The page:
Author(s): Wang X, Zhou S, Chi Y, Wen X, Hoellwarth J,
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Abstract Chronic schistosome infection results in the suppression of host immune responses, allowing long-term schistosome survival and restricting pathology. Current theories suggest that Treg play an important role in this regulation. However, the mechanism of Treg induction during schistosome infection is still unknown. The aim of this study was to determine the mechanism behind the induction of CD4(+)CD25(+) T cells by Schistosoma japonicum HSP60 (SjHSP60)-derived peptide SJMHE1 as well as to elucidate the cellular and molecular basis for the induction of CD4(+)CD25(+) T cells during S. japonicum infection. Mice immunized with SJMHE1 or spleen and LN cells from naïve mice pretreated with SJMHE1 in vitro all displayed an increase in CD4(+)CD25(+) T-cell populations. Release of IL-10 and TGF-beta by SJMHE1 stimulation may contribute to suppression. Adoptively transferred SJMHE1-induced CD4(+)CD25(+) T cells inhibited delayed-type hypersensitivity in BALB/c mice. Additionally, SJMHE1-treated APC were tolerogenic and induced CD4(+) cells to differentiate into suppressive CD4(+)CD25(+) Treg. Furthermore, our data support a role for TLR2 in SJMHE1-mediated CD4(+)CD25(+) Treg induction. These findings provide the basis for a more complete understanding of the S. japonicum-host interactions that contribute to host homeostatic mechanisms, preventing an excessive immune response.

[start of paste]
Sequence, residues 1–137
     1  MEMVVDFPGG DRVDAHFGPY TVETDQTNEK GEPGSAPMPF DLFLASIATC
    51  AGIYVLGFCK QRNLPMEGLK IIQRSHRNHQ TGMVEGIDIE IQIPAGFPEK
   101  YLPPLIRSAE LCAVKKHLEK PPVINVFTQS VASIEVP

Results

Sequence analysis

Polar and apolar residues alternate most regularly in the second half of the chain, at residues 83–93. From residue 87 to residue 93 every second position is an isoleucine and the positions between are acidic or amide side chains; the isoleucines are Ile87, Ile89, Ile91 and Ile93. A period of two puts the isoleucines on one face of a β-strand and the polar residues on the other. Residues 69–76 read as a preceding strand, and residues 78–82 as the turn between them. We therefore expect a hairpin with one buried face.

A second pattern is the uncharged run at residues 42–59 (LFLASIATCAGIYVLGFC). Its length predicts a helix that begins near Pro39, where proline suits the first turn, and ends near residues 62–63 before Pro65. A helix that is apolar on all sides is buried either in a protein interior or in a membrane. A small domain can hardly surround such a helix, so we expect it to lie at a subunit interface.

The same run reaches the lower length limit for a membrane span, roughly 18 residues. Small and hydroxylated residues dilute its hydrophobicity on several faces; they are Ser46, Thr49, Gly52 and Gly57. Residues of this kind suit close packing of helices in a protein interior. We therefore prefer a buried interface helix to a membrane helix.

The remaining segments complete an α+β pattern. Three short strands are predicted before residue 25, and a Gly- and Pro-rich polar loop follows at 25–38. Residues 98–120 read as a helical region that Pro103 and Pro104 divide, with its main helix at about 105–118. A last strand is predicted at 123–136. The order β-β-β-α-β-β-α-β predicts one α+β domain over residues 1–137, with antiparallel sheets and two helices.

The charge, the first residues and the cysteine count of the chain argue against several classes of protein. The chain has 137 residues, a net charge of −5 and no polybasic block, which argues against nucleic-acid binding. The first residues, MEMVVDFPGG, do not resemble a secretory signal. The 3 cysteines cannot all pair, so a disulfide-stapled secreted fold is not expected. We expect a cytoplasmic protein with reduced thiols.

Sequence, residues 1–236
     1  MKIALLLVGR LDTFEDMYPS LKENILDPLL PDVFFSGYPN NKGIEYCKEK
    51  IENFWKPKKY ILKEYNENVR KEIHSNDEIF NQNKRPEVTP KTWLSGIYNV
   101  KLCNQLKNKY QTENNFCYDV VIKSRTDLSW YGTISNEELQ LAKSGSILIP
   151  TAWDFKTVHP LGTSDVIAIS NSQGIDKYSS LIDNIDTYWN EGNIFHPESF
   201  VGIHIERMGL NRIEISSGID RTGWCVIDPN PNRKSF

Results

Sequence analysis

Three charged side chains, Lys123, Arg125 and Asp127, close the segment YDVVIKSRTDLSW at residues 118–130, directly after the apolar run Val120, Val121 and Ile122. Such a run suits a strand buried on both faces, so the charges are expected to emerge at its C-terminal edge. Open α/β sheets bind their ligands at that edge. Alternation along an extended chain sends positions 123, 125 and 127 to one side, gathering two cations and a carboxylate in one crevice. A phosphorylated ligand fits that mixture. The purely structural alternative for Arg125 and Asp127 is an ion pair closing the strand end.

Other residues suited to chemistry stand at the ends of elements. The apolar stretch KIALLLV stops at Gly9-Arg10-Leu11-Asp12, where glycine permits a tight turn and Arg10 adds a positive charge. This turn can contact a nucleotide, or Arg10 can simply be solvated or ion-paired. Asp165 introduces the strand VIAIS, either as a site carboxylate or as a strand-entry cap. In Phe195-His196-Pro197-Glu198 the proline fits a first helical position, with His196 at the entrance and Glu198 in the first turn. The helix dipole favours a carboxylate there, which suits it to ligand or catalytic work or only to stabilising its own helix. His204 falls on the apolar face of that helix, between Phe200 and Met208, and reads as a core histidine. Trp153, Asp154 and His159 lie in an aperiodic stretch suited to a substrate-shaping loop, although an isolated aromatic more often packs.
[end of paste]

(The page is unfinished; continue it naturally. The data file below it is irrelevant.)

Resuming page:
This article was published in Eur J Immunol
and referenced in Journal of Clinical & Cellular Immunology